Data Structures: Question Set – 14

Data Structures: Question Set – 14

What does Merge Sort mean?

Merge Sort is a divide-and-conquer algorithm that involves recursively dividing the input array into smaller sub-arrays until they become trivially small (i.e., one element or none), and then merging them back together in a sorted manner.

What is the Merge Sort’s time complexity, and why?

Merge Sort has an O(nlog(n)) time complexity, where n is the array’s total number of items. This is due to the algorithm’s recursive division of the input array into half, which results in each sub-array having just one element. Afterwards, two sorted arrays of size n/2 are combined in the merging stage, which requires O(n) time. Merge Sort’s overall time complexity is O(nlog(n)) since the division step needs O(log(n)) time to complete in order to reach the base case.

What distinguishes Merge Sort from other sorting algorithms?

Merge Sort is superior to alternative sorting algorithms in a number of ways, including:

It is the best choice for comparison-based sorting algorithms because of its worst-case time complexity of O(n*log(n)).

Since it maintains the relative order of like elements in the input array, it is a stable sorting algorithm.

It can be easily implemented to take advantage of multi-core processors and remote computing because it is a parallelizable method. The merging phase needs O(n) extra space, however this is typically a minor price to pay for the advantages it provides.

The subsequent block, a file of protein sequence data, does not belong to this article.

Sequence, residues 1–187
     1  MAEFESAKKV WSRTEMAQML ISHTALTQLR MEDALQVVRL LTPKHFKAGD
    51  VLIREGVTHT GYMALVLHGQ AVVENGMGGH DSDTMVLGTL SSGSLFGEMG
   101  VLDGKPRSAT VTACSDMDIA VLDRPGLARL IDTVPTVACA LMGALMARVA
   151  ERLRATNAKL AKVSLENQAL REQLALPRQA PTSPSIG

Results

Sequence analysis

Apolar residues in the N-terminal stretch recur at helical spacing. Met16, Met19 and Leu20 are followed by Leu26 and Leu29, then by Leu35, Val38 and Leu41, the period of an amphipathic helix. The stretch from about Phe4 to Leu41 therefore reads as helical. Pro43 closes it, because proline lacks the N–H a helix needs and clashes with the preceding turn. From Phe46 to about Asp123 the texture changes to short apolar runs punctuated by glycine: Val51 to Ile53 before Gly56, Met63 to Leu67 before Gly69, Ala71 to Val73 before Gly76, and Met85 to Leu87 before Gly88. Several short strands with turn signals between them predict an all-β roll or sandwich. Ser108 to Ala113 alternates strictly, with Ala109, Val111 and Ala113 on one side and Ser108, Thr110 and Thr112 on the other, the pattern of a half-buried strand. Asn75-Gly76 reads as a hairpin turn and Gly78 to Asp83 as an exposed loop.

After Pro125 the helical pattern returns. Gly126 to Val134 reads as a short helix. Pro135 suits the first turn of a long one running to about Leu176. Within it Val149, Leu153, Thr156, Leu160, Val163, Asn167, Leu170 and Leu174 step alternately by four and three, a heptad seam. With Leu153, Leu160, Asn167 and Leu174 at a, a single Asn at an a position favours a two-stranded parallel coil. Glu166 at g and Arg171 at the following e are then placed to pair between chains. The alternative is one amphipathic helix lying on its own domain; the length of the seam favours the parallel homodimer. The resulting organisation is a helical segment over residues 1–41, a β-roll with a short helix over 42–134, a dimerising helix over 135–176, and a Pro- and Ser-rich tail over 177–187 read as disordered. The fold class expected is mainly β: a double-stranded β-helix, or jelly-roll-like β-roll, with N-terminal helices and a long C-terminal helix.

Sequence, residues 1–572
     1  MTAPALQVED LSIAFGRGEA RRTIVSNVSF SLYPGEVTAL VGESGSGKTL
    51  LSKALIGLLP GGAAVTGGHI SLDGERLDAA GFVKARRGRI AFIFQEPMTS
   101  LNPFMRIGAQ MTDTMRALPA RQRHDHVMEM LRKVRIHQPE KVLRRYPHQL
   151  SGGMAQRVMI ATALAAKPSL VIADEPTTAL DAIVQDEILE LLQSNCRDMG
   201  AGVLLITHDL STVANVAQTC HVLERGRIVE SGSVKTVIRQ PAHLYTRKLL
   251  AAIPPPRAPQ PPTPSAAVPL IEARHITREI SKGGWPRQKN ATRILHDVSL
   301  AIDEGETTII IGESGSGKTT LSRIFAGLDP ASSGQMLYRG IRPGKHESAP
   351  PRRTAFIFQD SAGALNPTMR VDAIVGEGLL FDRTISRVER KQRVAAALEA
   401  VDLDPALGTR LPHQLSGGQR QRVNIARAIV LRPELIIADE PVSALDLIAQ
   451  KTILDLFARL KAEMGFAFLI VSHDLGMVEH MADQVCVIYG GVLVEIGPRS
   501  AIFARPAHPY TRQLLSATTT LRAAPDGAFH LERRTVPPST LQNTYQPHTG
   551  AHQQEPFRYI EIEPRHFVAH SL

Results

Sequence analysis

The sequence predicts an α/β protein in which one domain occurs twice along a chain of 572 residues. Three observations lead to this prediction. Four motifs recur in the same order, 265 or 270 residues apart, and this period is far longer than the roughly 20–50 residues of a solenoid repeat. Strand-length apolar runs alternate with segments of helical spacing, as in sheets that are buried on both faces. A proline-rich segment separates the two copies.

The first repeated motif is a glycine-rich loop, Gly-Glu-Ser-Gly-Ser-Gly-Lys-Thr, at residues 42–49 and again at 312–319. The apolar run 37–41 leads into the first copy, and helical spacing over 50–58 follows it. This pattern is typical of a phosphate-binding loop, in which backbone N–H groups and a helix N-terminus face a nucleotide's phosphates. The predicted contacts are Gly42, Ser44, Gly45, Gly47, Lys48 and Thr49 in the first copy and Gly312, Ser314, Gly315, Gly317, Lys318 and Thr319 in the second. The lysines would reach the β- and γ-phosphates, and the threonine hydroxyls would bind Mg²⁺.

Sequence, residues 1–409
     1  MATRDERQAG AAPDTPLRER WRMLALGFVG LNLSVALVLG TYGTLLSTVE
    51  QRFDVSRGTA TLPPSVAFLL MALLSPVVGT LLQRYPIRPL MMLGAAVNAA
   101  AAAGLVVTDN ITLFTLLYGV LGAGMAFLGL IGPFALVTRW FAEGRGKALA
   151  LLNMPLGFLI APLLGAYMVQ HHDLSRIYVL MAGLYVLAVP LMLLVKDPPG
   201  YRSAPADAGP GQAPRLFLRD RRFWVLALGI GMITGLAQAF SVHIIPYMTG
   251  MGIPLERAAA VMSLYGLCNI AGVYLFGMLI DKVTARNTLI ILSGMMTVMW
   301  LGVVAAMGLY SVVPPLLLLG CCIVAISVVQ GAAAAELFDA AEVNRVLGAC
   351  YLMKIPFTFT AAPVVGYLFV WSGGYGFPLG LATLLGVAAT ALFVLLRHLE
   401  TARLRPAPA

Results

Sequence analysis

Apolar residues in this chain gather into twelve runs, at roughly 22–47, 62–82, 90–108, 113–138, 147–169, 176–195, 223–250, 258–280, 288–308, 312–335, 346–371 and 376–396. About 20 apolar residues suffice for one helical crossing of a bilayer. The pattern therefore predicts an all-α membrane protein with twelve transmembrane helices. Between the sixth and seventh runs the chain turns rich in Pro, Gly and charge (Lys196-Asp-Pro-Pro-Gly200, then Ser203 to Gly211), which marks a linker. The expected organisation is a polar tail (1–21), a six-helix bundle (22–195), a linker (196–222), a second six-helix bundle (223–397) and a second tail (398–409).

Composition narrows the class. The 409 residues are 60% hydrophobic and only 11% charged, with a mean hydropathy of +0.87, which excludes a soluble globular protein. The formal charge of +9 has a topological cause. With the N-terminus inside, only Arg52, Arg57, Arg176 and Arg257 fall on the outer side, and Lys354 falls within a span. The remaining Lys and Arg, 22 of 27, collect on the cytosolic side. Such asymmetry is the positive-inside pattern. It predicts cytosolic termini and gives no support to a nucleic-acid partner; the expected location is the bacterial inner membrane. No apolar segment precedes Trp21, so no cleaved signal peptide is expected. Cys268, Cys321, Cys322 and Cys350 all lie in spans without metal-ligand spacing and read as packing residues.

What steps comprise the Merge Sort process?

Merge Sort involves the following steps:

The input array should be split in half.

Apply Merge Sort iteratively to each of the halves until trivially small (i.e., one element or none).

Reconstruct the two sorted sub-arrays as a single sorted array.

How does Merge Sort ensure that the final merged array is sorted?

Merge Sort ensures that the final merged array is sorted by comparing the first elements of the two sub-arrays being merged and selecting the smaller one to be the next element in the merged array. This process is repeated until all elements from both sub-arrays have been merged into the final array. Since each sub-array is already sorted, this process guarantees that the merged array is also sorted.

Merge Sort is an algorithm for in-place sorting, right?

No. Because the intermediate arrays used in the merging step demand O(n) more storage space, Merge Sort is not an in-place sorting method.

What is Quick Sort?

Quick Sort is a popular sorting algorithm used to sort arrays or lists in ascending or descending order. It works by dividing an array into two sub-arrays, where one contains all the elements less than a pivot value and the other contains all the elements greater than the pivot value. The process is then repeated recursively on the sub-arrays until the entire array is sorted.

What is the time complexity of Quick Sort?

The time complexity of Quick Sort is O(nlogn) in the average case and O(n^2) in the worst case. The worst case occurs when the pivot element chosen is the smallest or largest element in the array, resulting in unbalanced partitions.

How does Quick Sort choose a pivot element?

Quick Sort chooses a pivot element by selecting an element from the array, usually the first or last element, and partitioning the array around that element.

What is the partitioning process in Quick Sort?

The partitioning process in Quick Sort involves selecting a pivot element, and then rearranging the elements of the array such that all the elements less than the pivot are on the left side of the pivot, and all the elements greater than the pivot are on the right side of the pivot.

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